Early voting commenced in Hillsborough County (and 49 other counties in Florida) on Monday, and by the end of the day, 18,887 voters had turned up at the polls, according to Supervisor of Elections Craig Lattimer.
On Tuesday, USA Today reported Hillsborough County is one of the premier bellwether areas of the country when it comes to electing a president. Hillsborough has picked the winner in 19 of the last 20 presidential elections, and the Hillary Clinton campaign is pulling out all the stops this week to highlight the beginning of early voting. Actress Angela Bassett and actor Josh Gad held events today, and on Monday, Missouri Democratic Rep. Emanuel Cleaver made his way to Tampa, where he said he was envious of Florida’s approach to elections.
“I hope people in Florida realize how fortunate they are that they have early voting,” Cleaver said while appearing with Tampa Rep. Kathy Castor at the College Hill Library in East Tampa. “I think early voting is an indication that there are people in Florida who believe that maximizing democracy is getting as many people out to vote as possible. In Missouri, we are not quite that enlightened.”
In fact, the “Show Me State” is in the minority of just 13 states around the country that don’t offer early voting.
Missouri used to have the reputation as a so-called bellwether during presidential elections, but that hasn’t been the case over the past couple of elections, when the state when red while the nation chose Barack Obama in 2008 and 2012. However, while Missouri was considered relatively safe for the GOP going into this year, Cleaver says it has now suddenly become competitive because of the U.S. Senate race between GOP incumbent Roy Blount and Democratic hopeful Jason Kander (though the RealClearPolitics average right now still shows Donald Trump with a seven-point margin in Mizzou).
Although national and state polls vary, Democrats are increasingly optimistic the election results will be favorable to their cause, causing Castor and Cleaver to hope that the divisions in Congress can be swept away to begin getting matters accomplished for the American people.
“That’s what we’re going to have to do after this election,” Castor said on Monday. “We’ve got significant issues, boosting the economy, cutting student loan debt, what’s going on all across the world with terrorism. We’ve got to keep America safe, and these are going to be the kind of problems that will require everybody coming together to tackle.”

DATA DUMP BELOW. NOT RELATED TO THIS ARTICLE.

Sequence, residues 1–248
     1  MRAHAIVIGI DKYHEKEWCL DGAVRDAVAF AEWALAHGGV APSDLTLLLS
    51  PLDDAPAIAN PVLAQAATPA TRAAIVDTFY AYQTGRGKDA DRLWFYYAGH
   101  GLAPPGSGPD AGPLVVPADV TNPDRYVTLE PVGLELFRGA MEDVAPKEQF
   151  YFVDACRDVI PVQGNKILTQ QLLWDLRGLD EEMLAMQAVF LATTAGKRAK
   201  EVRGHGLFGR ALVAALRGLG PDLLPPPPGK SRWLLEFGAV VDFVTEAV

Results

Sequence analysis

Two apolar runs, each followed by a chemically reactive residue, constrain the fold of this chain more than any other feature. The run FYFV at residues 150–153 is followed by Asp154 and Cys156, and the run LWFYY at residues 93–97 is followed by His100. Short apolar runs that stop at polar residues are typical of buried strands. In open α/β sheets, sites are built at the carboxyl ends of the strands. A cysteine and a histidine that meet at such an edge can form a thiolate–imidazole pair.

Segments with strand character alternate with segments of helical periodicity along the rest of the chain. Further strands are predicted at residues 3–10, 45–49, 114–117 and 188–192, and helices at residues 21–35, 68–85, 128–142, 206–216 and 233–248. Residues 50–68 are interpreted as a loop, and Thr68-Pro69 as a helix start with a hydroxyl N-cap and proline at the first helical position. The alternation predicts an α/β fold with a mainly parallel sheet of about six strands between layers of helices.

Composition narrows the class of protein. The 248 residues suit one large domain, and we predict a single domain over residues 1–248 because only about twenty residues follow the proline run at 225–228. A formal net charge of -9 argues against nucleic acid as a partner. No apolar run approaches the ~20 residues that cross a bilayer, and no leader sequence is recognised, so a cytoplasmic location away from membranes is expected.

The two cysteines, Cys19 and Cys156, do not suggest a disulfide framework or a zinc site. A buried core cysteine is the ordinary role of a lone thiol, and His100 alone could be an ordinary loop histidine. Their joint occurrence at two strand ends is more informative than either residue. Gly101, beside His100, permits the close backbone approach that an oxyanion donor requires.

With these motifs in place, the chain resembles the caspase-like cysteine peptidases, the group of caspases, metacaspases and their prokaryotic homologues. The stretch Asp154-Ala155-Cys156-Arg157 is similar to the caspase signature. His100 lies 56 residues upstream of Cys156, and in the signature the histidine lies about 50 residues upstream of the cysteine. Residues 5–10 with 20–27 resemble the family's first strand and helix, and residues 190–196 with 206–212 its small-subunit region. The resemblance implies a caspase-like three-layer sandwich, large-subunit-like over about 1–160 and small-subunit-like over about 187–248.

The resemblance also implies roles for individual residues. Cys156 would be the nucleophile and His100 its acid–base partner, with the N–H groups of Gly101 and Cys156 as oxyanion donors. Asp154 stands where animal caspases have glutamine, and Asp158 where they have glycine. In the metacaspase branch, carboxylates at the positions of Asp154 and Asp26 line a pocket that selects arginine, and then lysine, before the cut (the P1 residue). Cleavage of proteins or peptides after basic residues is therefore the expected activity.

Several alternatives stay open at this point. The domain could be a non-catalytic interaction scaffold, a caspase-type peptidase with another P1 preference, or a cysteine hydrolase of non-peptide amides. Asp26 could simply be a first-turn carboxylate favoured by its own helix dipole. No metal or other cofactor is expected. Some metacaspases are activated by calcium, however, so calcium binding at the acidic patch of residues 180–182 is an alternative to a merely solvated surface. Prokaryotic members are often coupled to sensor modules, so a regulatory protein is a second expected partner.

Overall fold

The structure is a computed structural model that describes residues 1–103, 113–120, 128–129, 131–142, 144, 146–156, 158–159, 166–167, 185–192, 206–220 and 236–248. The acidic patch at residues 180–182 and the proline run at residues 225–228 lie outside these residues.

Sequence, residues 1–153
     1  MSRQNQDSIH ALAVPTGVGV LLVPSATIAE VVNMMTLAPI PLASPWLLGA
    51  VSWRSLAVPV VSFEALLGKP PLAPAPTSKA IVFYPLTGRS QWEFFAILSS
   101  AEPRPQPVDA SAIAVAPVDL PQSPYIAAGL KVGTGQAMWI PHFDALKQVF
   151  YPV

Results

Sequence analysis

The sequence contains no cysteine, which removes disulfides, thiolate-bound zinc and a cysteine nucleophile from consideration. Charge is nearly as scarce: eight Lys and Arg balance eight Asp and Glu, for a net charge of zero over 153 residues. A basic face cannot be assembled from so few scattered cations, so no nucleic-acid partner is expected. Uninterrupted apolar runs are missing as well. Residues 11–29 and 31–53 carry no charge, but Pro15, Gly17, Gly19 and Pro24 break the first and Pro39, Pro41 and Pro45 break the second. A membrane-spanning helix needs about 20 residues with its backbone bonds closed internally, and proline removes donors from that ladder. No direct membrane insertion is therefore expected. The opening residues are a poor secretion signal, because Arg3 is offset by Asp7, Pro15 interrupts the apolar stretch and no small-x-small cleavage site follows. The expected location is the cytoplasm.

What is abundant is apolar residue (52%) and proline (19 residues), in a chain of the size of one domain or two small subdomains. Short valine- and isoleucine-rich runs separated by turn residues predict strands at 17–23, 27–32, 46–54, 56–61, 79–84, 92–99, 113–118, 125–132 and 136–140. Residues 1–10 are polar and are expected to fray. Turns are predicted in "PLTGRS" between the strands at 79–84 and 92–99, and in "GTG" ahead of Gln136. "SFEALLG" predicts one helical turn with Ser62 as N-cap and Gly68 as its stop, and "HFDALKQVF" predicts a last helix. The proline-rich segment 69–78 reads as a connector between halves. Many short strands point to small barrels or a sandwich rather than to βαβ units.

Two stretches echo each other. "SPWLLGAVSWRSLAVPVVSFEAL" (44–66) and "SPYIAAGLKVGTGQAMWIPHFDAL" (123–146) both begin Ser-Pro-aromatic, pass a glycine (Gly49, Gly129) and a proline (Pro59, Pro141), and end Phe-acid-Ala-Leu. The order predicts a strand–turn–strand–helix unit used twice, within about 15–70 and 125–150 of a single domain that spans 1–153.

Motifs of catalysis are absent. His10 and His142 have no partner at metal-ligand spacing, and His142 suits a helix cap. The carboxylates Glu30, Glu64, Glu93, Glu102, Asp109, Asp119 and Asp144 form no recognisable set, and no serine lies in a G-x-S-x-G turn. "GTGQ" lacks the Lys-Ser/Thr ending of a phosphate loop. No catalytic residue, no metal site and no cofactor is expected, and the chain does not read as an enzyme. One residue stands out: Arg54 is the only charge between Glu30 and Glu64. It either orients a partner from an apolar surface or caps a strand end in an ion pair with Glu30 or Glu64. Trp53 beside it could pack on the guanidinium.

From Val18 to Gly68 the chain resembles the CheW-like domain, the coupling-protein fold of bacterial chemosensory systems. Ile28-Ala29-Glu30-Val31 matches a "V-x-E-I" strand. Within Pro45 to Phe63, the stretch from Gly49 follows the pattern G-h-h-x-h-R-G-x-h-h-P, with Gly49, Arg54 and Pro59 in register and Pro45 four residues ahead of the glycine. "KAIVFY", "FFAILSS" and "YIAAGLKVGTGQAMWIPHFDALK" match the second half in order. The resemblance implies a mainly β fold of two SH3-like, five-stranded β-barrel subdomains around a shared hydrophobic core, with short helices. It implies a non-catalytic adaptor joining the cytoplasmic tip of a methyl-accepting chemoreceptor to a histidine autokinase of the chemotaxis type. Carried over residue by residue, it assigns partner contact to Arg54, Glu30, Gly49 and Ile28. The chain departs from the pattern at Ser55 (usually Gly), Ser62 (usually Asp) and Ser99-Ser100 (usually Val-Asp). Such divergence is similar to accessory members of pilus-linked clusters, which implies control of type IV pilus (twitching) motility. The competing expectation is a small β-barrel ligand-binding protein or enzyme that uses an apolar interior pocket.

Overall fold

“Democracy demands compromise. That is the only way it’s going to work, so I hope that the Republicans will work with Hillary Clinton, because she’s probably going to be one of the easiest individuals that we’ve had in the Oval Office in a long time,” said Cleaver, who supported Clinton over Obama in 2008. “It’s almost treasonous not to do things that we need. We need a highway bill, we need desperately tax reform, all kinds of things that we need to do in the best interests of the American public. And to say I’m not going to work with a human being for some puny, political reason? It’s treasonous.”
Cleaver believes Obama never had a chance with congressional Republicans after his victory in 2008. “There was no way that the Republicans were going to work with Barack Obama,” he says. “They had made up their minds before the swearing in that they were not going to work with him.”
Cleaver also dismissed any allegations there could be fraud at the election polls on Nov. 8, as frequently cited by Trump. “We’re embarrassed that this movement that is going around the country actually is an attempt to stop people from voting,” he said.
The St. Louis-Post Dispatch did report Monday that prosecutors in St. Louis County, Missouri are investigating vote fraud allegations, specifically whether the mayor and his supporters illegally interfered with the absentee ballot process.
Joining Castor and Emanuel was Hillsborough Clerk of the Courts Pat Frank, also on the ballot next month against Republican Eric Seidel.
“That is absolutely absurd,” she charges. “Let me tell you; in Hillsborough County, we have electronic machines, but we have a paper trail. There is a backup to the electronics, and most of the counties in Florida went in that direction when they started to remove their old machines. So you can always determine what the vote was by an accurate count of the paper. And other states have adopted the same measure, so you’d have to have a gigantic corruption scheme in place, which is impossible in this country.”